Ravenscraig Castle

  • Kirkcaldy, Fife



James II acquired the lands of Ravenscraig Castle in 1460. Work immediately began on construction of a residence for his wife, Queen Mary of Gueldres.

Within five months, James II was killed by one of his own guns at the siege of Roxburgh. Mary pressed on with the castle’s construction regardless, and in 1461 it was completed to such a state where her house staff were able to stay there for 25 days.

It’s unclear whether Mary herself stayed at the castle before her death in 1463. She never saw a finished castle at Ravenscraig – the only parts completed by her death were the east tower and foundations of a central range.

Mary’s son, James III, granted the still-unfinished castle to William Sinclair in 1470. It was compensation for resigning the earldom of Orkney and lordship of Shetland to the Crown. He became earl of Caithness at the same time.

Household to stronghold

As a royal household, Ravenscraig was certainly built with defence in mind. It’s situated on a promontory into the Firth of Forth, fronted by a large rock-cut ditch.

But the Sinclairs transformed it into the well-defended fort we see today. Over the central vaults, where Mary would have built her great hall, the Sinclairs instead installed a gun platform in the mid-1500s.

Thanks to its massive, 3.5m-thick frontal wall and many gun holes, Ravenscraig is sometimes considered more an artillery fort than castle, though its overtly martial appearance is the result of many modifications rather than a single plan. It may have been built to help defend the Firth of Forth from English invasion.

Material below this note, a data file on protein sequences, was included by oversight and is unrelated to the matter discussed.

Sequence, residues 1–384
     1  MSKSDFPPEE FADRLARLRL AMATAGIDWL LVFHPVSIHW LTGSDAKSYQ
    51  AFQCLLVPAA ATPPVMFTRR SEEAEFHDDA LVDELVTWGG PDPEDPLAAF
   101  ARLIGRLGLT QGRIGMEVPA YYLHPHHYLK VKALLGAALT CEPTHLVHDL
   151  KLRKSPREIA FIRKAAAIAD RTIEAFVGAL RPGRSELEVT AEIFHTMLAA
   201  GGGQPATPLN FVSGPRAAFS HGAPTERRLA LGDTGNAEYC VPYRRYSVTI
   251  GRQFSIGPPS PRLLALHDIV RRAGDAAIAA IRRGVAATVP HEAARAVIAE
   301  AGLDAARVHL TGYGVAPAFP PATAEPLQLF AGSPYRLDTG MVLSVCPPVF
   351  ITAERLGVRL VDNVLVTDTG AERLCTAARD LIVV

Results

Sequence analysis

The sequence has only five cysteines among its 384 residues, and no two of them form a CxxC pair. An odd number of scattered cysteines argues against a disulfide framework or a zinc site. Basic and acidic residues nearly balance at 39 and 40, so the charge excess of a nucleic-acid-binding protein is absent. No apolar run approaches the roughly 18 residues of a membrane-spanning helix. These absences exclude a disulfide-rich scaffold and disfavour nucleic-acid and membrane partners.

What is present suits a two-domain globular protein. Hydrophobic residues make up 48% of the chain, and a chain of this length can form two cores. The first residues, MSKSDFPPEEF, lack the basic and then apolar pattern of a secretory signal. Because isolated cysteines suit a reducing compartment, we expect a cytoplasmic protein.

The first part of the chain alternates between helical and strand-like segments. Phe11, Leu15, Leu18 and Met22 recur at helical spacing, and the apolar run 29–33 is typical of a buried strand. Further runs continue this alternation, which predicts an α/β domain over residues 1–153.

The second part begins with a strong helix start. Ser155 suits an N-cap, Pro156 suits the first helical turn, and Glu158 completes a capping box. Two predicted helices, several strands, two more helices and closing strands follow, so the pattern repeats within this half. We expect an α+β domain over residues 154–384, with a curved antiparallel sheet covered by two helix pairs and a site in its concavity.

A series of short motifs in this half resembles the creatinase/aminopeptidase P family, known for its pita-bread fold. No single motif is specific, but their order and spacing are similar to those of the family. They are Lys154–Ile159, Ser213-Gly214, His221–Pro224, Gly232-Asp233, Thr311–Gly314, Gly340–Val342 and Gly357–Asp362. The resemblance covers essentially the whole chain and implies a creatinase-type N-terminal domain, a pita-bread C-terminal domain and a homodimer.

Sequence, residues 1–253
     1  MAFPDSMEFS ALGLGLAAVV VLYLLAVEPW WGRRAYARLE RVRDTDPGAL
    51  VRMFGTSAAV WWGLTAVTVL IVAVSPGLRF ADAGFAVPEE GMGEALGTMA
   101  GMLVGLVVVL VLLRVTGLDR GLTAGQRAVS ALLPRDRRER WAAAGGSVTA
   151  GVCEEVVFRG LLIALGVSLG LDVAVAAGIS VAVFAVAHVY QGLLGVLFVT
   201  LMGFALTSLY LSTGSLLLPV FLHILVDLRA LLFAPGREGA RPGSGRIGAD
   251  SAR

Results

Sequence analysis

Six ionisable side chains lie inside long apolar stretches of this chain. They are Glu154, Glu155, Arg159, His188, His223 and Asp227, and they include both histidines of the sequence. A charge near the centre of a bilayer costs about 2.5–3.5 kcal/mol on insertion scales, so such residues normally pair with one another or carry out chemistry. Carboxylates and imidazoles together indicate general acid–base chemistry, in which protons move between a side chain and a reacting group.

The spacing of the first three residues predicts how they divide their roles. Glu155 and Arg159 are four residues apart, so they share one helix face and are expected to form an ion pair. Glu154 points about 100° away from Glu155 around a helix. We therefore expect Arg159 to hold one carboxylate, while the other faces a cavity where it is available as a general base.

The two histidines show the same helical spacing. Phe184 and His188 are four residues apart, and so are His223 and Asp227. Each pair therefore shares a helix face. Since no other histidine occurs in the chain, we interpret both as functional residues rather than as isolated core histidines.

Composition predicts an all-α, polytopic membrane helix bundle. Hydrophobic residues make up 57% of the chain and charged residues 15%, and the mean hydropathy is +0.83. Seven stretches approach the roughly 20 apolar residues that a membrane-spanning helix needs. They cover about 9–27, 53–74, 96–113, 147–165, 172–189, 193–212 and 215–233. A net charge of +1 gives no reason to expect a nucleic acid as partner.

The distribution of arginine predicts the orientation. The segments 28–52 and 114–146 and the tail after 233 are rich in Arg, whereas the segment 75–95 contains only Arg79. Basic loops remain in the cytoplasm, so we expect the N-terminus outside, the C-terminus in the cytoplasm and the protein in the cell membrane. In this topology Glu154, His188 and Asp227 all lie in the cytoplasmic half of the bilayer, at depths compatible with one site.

A strong residence

The castle’s central entrance passage was approached by bridge over the deep rock-cut ditch. Inside was a guardroom, the rest of the central block taken up by cellars.

The west tower housed the owner’s four-floor apartment. Access was at the first floor, via a forestair rising up from a small, secure courtyard behind. The east tower housed the well and apartments for the owner’s senior officials. The courtyard housed the kitchen, bakehouse and other offices.

Opening times

Due to repairs and conservation works on the bridge, there is currently no visitor access to Ravenscraig Castle.

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